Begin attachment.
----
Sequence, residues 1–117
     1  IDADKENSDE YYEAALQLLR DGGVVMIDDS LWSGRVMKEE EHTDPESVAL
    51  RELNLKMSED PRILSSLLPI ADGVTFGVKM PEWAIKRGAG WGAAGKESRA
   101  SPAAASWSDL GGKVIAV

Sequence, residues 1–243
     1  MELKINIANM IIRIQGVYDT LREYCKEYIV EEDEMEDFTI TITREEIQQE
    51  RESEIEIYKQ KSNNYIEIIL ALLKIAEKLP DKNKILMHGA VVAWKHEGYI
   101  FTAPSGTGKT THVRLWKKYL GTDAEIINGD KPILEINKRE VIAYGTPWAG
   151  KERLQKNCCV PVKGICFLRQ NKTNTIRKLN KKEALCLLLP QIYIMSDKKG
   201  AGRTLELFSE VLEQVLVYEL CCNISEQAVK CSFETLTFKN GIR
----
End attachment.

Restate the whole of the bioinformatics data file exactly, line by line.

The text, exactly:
Sequence, residues 1–117
     1  IDADKENSDE YYEAALQLLR DGGVVMIDDS LWSGRVMKEE EHTDPESVAL
    51  RELNLKMSED PRILSSLLPI ADGVTFGVKM PEWAIKRGAG WGAAGKESRA
   101  SPAAASWSDL GGKVIAV

Sequence, residues 1–243
     1  MELKINIANM IIRIQGVYDT LREYCKEYIV EEDEMEDFTI TITREEIQQE
    51  RESEIEIYKQ KSNNYIEIIL ALLKIAEKLP DKNKILMHGA VVAWKHEGYI
   101  FTAPSGTGKT THVRLWKKYL GTDAEIINGD KPILEINKRE VIAYGTPWAG
   151  KERLQKNCCV PVKGICFLRQ NKTNTIRKLN KKEALCLLLP QIYIMSDKKG
   201  AGRTLELFSE VLEQVLVYEL CCNISEQAVK CSFETLTFKN GIR